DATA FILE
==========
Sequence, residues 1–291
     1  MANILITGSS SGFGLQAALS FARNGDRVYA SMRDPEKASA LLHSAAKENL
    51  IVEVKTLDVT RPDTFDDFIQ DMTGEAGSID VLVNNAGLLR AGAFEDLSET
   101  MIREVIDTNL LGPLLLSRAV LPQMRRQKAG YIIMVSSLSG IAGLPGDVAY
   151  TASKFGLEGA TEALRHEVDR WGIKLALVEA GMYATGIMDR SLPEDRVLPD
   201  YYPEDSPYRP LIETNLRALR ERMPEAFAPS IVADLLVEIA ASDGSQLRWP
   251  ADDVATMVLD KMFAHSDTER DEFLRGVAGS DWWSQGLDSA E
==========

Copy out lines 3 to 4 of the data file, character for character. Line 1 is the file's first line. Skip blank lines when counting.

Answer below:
    51  IVEVKTLDVT RPDTFDDFIQ DMTGEAGSID VLVNNAGLLR AGAFEDLSET
   101  MIREVIDTNL LGPLLLSRAV LPQMRRQKAG YIIMVSSLSG IAGLPGDVAY